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Winner of the 2019 Fitzcarraldo Editions Novel Prize
‘I took one look at him, and I saw what he really wanted.’
On the Sunday of his eighteenth birthday, in 1975, Colin takes a walk on Box Hill, a biker hang-out in Surrey. Timid, awkward, and very much out of his element, he accidentally trips over Ray, a biker taking a nap under a tree. Ray takes immediate control of the situation, and Colin moves in with him that night.
A sizzling, sometimes shocking, and strangely tragic love story between two men, Box Hill is a stunning novel of desire and domination by one of Britain's most accomplished writers.
Author: Adam Mars-Jones
Paperback Published 28 April 2020 160 pages
Recommended by Graeme:
"It’s 1975 and on his 18th birthday, short, pudgy badly-dressed Colin trips over Ray, a biker who is lounging against a tree up on Box Hill. Ray scowls and abuses him, but Colin is awestruck - utterly captivated by Ray’s drop-dead looks and his sexy one-piece leathers. This unexpected tension between the two swiftly leads to Colin’s sexual initiation but when it is over, that isn’t the end. For reasons that Colin can never comprehend, Ray decides to take Colin home and keep him, rather like a pet. And for all intents and purposes that is his new role - as Roy’s sexually submissive pet. Colin’s parents are distracted at the time - his mother is in hospital - and the new domestic arrangement unfolds surprisingly simply. Although Ray has many rules, most of them unspoken, which Colin needs to work out for himself and abide by. Those rules are even more perplexing when Colin attends the biker club’s poker nights where he is obliged to be naked and ‘attentive’. The climax to this short novel comes after 100 pages, leaving a tantalising mystery dangling which has the reader turning the pages, curious for it to be unravelled. However the novel is rather like Ray the enigmatic main character - a great deal is left unsaid - and it is that quality which makes it stay with the reader longer than it might otherwise. The background and period detail is extremely well done, rooting this central relationship in suburban reality, while this unusual relationship is narrated by Colin in a very matter of fact way. This is a wonderful novel, sexy, occasionally startling, but also poignant and very affecting."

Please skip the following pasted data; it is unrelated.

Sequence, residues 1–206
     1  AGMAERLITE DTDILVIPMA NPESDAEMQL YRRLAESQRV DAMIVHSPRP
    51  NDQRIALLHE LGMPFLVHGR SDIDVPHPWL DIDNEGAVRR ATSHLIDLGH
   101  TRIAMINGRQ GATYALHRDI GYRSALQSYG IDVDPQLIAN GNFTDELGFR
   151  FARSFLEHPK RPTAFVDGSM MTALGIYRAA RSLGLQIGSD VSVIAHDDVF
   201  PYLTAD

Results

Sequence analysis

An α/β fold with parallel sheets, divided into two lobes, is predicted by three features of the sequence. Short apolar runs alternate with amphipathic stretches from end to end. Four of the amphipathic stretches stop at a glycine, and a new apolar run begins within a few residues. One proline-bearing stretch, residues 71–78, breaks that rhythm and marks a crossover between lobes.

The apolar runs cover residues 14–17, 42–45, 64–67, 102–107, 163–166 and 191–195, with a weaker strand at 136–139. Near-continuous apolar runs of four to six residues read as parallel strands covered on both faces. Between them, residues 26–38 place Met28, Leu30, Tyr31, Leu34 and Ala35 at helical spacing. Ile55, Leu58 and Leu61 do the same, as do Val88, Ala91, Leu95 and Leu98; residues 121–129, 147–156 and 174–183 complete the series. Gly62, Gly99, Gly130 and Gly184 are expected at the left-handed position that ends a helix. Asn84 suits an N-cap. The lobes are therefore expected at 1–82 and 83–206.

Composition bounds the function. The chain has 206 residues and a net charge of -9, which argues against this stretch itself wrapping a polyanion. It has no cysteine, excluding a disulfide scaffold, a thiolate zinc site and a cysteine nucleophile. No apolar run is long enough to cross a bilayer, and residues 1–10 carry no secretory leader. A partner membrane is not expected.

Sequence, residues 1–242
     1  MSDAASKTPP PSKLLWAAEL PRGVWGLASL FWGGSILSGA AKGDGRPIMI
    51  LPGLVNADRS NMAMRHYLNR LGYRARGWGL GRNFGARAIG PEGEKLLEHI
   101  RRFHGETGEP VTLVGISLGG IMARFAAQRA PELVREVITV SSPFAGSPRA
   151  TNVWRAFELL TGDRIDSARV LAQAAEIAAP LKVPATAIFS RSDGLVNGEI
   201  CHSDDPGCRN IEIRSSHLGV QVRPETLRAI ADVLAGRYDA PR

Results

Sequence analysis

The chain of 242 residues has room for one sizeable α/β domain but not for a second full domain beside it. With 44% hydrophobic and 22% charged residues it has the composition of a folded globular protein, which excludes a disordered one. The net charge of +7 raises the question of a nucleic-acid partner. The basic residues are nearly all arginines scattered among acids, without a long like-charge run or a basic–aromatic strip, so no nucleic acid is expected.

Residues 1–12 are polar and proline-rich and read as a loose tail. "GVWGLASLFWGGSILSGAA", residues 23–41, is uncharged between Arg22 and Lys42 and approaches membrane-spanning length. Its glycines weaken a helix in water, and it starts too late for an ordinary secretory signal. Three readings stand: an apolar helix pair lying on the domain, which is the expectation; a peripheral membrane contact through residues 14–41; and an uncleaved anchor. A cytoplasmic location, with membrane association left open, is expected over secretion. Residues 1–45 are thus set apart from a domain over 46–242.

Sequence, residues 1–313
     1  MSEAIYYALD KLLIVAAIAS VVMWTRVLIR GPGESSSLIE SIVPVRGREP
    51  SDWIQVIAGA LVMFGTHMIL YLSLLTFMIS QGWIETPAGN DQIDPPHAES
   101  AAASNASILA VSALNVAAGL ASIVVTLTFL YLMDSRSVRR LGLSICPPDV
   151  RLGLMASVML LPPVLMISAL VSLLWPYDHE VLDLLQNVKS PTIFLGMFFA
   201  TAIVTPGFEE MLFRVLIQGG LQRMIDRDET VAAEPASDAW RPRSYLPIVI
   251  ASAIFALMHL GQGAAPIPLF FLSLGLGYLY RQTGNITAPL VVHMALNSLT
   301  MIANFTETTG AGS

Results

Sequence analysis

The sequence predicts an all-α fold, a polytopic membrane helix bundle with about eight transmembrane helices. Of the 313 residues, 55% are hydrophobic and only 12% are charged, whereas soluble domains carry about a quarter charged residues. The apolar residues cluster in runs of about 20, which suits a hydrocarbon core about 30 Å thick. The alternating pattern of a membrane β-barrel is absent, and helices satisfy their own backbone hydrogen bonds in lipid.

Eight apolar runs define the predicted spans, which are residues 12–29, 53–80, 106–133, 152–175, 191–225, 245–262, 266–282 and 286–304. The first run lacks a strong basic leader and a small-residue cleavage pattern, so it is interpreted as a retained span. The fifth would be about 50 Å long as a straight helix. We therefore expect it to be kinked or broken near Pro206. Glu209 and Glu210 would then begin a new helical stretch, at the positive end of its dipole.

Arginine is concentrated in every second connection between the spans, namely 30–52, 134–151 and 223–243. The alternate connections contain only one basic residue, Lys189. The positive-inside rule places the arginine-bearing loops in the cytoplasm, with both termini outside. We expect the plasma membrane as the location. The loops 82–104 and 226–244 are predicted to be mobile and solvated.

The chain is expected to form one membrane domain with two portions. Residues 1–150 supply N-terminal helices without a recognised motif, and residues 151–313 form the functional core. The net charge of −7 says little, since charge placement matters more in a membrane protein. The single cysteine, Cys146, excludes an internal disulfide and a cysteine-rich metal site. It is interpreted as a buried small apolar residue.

"A tender exploration of the love that truly dare not speak its name — that between master and slave. On his 18th birthday, Colin literally stumbles upon a strapping biker twice his age, and falls into a long-term relationship characterised by devotion, mystery, and submission. In plain unadorned prose, Mars-Jones shows us the tender, everyday nature of this. Self-deprecating, sad, and wise." FIONA MCGREGOR